Shannon Medical Center | Health Beat | Winter 2021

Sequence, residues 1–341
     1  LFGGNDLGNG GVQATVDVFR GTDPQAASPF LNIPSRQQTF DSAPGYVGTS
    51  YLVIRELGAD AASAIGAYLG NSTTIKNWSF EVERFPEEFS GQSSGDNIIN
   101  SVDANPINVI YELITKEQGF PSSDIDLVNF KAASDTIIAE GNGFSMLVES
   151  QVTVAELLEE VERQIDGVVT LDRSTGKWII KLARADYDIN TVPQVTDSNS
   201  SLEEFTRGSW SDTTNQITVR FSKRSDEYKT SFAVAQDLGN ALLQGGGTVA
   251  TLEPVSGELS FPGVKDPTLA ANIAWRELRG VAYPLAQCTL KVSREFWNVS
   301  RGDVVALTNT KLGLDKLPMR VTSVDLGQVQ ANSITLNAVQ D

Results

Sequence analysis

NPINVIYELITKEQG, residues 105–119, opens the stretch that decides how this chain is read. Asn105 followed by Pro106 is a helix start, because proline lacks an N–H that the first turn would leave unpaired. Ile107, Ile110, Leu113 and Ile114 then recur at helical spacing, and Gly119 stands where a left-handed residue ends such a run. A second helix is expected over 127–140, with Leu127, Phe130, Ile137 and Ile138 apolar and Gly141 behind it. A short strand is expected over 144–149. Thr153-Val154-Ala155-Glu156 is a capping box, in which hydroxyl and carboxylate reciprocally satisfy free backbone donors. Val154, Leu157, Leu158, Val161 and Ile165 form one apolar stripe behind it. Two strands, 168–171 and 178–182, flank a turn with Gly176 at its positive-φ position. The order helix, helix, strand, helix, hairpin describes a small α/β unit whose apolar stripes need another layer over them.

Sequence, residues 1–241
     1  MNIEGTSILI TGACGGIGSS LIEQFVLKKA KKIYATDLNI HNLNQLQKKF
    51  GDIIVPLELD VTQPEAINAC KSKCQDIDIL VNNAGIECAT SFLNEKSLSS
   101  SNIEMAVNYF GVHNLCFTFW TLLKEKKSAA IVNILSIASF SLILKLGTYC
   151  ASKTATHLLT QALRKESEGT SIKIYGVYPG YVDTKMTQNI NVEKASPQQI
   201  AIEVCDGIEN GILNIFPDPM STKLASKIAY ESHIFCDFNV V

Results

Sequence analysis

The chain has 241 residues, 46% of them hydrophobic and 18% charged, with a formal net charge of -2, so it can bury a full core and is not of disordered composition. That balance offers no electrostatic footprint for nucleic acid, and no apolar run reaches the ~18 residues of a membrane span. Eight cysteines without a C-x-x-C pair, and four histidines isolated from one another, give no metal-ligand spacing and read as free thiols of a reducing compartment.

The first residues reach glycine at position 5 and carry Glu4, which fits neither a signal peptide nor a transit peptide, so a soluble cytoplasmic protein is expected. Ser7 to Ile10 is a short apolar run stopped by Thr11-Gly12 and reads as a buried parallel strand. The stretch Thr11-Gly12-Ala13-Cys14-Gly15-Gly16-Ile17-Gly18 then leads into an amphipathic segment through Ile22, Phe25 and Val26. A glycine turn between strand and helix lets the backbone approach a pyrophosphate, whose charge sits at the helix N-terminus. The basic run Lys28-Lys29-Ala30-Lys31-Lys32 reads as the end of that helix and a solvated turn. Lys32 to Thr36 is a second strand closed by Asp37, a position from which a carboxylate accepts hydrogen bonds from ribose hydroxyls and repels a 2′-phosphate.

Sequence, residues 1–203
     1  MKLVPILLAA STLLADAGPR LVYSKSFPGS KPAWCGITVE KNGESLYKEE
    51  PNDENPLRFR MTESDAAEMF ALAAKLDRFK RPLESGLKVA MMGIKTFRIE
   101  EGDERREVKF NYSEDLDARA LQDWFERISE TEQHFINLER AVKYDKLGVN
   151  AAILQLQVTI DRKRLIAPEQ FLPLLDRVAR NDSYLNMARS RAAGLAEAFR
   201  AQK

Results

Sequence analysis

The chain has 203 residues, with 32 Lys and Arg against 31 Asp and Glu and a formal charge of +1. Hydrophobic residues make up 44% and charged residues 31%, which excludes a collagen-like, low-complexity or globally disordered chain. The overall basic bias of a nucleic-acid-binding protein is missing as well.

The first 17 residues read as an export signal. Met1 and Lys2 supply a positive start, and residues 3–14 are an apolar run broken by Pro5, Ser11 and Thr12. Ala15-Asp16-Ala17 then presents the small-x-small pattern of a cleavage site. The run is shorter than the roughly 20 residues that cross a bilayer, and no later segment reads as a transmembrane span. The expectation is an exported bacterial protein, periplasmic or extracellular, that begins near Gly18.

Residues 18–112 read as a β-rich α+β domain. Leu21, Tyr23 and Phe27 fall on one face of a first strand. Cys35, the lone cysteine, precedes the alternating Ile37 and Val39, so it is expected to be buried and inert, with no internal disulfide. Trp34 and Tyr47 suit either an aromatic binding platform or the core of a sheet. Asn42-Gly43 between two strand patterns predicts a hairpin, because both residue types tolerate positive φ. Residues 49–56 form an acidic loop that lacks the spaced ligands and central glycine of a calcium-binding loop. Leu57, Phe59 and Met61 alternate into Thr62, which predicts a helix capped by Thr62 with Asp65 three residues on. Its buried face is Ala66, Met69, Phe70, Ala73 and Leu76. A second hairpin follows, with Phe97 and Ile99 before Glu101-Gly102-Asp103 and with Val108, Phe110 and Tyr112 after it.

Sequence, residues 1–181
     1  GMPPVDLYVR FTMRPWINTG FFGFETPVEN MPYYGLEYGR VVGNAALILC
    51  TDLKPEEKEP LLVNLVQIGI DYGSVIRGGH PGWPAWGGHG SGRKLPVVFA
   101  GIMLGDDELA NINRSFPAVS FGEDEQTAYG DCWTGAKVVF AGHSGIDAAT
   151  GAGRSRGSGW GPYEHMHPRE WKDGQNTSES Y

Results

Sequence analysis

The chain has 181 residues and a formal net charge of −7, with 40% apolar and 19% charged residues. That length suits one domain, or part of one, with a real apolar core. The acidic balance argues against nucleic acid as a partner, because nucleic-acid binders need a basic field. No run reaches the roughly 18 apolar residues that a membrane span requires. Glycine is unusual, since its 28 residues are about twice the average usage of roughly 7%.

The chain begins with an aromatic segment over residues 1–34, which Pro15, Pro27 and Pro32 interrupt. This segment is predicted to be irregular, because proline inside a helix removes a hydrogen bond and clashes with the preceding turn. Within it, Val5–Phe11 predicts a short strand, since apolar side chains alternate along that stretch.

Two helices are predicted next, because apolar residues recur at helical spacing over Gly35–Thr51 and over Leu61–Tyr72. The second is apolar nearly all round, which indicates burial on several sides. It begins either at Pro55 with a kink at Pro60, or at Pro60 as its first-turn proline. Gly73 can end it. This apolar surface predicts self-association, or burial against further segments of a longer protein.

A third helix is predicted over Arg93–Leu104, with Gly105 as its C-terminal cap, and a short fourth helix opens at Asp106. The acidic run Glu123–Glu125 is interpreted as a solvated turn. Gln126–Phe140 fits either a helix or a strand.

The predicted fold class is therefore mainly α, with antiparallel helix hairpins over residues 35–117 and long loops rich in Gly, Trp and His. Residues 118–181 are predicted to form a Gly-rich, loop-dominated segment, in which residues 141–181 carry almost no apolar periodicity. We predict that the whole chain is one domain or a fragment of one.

Spring 2021 5 Screenings for four common cancers GET MOVING. Your incentive: Regular exercise is linked to a reduced risk of colon cancer, endome- trial cancer and breast cancer. And it indirectly lowers cancer risk by helping with weight control. HERE’S HOW: Aim for at least 150 minutes of moder- ately intense physical activity or 75 minutes of vigorous activ- ity every week. Start at your current ability level and then gradually do a little bit more. Time-squeezed? Divide and conquer; for example, by tak- ing three 10-minute mini walks rather than one 30-minute walk. What matters most is your total exercise time every day. And you don’t need a gym to be active. Sneak movement into your routine. For instance, instead of calling friends, catch up with a walk around your neighborhood. Do errands on foot or pedal on your bike. Get off the bus two stops early. Watching TV? Do squats when commercials come on. You get the idea. MONITOR THE SCALE. Your incentive: A healthy weight may protect you from a long list of cancers. Among them: colon, kidney, pancreatic, endometrial and breast cancer after menopause. HERE’S HOW: To reduce cancer risk, most people need to keep their body mass index (BMI) below 25. Ask your doctor if that applies to you. If you need to drop pounds, a few simple habits may help you trim down. Use small plates to make modest portions look gener- ous. Eat slowly, setting down your fork between bites. It takes about 20 minutes for your stomach to signal to your brain that you’re full. Keep high-calorie foods in an inconvenient spot so the hassle of getting them curbs cravings. Better yet, leave them in the grocery store and keep your home stocked with healthy foods. Also important: Ask friends and family to support your weight-loss efforts. Their encouragement can help you stay on track. Sources: Academy of Nutrition and Dietetics; American Cancer Society; American Institute for Cancer Research Cancer screening tests are used to find cancer early—before symptoms appear and when cancer is usually easiest to treat. Below are four common cancer screenings that are especially effective at finding cancer early and lessening the likelihood that someone will die from the disease. MAMMOGRAPHY. This special type of x-ray has been shown to reduce deaths from breast cancer in women ages 40 to 74. Mammograms can show tumors or other irregularities in the breast. HUMAN PAPILLOMA- VIRUS (HPV) TESTING AND PAP TESTS. Both of these tests take samples of cells from outside the cervix. An HPV test looks for certain strains of the virus known to increase the risk for cervical can- cer. A Pap test looks for signs of precancerous or cancerous cells. Testing starts at age 25. LOW-DOSE HELICAL COMPUTED TOMOG- RAPHY (CT) SCAN. This test takes pictures of the lungs from many different angles and then combines them to form a detailed pic- ture. This type of CT scan has been shown to lower lung cancer deaths among heavy smokers ages 55 to 74. COLONOSCOPY, SIGMOIDOSCOPY AND STOOL OCCULT TESTING. There are several different screening tests for colorectal cancer. Popular ones include stool occult testing, which is often done at home, and colonoscopy, which is performed by a doctor. Colonoscopy can not only detect colorectal cancer early, but during the test a doctor can find and remove precan- cerous polyps before they have a chance to become cancer. Talk to your doctor about other cancer screenings that might be appropriate for you. Sources: American Cancer Society; American Society of Clinical Oncology; National Cancer Institute